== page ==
“The phenomenon of a gay men’s chorus is a vital part of the musical fabric of our society. It is not a gimmick to draw a crowd. We have always just wanted to put on great concerts – and make a difference while doing it.”
This issue of the American Choral Review looks at composer Zakaria Paliashvili's setting of Liturgy of St. John Chrysostom. Co-authors John A. Graham and Parker Jayne explore Paliashvili's Georgian influences and how his version fell into obscurity after the Russain Revolution.
At the opening session of Chorus America’s 2014 Conference, conductor Josh Habermann and a cappella pioneer Deke Sharon talked about new trends in vocal music and breaking down boundaries between the classical and pop worlds.
For the 200th anniversary of “The Star-Spangled Banner,” a musicologist takes a closer look at the history of the anthem.
How Nelson Mandela shaped a national anthem that united South Africans in song.
Long-time singers will happily list numerous ways that choral singing enhances their lives. When those singers stay with the same chorus for many years, the benefits flow both ways. We spoke with seven singers who have sung with the same chorus for two or more decades about their experience and its value.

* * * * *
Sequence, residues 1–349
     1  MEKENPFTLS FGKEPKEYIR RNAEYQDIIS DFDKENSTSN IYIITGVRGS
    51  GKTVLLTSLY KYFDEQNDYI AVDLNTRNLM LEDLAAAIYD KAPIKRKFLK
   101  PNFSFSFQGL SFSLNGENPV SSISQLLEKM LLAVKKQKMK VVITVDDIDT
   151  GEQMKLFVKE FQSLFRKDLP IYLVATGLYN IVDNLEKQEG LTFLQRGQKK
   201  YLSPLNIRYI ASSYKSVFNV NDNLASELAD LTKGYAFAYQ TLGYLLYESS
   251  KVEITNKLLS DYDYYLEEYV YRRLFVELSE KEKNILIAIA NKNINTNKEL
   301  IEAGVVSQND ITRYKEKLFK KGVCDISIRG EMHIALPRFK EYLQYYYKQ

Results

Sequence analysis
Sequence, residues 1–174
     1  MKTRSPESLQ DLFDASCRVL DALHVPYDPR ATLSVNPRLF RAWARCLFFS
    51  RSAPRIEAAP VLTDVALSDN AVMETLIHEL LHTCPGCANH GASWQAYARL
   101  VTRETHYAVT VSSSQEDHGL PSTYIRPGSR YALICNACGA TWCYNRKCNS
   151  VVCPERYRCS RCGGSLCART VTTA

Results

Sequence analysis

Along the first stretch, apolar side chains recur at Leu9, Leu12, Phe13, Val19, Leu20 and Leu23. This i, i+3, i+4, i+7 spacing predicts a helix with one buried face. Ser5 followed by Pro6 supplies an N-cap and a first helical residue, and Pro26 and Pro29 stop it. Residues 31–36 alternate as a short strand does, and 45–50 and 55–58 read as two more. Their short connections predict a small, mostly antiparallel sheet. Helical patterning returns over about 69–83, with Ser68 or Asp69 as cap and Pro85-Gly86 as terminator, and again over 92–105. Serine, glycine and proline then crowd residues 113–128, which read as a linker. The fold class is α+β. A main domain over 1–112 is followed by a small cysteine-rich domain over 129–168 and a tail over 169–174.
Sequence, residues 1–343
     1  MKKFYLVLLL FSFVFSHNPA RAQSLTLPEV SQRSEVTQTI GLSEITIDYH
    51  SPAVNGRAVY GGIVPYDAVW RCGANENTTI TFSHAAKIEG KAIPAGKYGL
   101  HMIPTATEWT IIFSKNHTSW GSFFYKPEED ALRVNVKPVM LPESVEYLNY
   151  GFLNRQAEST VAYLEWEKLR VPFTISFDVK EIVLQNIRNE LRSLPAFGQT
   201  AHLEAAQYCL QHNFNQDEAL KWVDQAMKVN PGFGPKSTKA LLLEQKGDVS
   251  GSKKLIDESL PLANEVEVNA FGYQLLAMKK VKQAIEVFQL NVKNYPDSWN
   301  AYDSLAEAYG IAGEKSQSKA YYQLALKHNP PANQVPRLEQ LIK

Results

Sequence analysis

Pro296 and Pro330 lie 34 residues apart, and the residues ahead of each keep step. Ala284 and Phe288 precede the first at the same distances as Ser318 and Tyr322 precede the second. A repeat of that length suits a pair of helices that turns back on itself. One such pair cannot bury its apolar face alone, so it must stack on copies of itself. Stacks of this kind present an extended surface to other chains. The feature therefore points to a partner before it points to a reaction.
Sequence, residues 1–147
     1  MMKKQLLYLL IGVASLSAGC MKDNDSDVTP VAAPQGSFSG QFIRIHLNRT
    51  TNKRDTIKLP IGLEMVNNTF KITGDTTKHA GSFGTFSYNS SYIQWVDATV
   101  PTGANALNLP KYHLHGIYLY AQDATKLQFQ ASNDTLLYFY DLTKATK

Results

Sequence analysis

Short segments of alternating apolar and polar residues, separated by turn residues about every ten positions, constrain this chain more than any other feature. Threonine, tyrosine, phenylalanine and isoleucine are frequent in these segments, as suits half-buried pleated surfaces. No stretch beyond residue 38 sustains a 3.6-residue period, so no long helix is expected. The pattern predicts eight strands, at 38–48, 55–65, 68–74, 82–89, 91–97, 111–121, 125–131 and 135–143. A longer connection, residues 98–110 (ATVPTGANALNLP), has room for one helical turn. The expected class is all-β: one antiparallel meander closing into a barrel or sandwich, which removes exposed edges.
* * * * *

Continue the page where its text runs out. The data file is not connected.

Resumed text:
As a young girl, Abbie Betinis noticed that singing “Caroling, Caroling” during the holidays always brought tears to her grandpa’s eyes. Later she would learn that the famous carol was one of many composed by her great uncle Alfred Burt, who was carrying on a family tradition of carol writing begun by his father, the Rev. Bates Burt. In 2001, Betinis, by then a composer herself, decided to pick up the family carol writing tradition.
In celebration of the Britten centennial in 2013, this issue of American Choral Review features two articles on the music of Benjamin Britten: distinguished scholar Alfred Whittall offers reflections on the composer’s choral writing, and co-authors Thomas Folan and Nancy S. Niemi explore issues of identity in Britten’s Cantata Academica.
Today's GLBT choruses continue to be places to unite in common causes, but their perspectives have changed along with the times.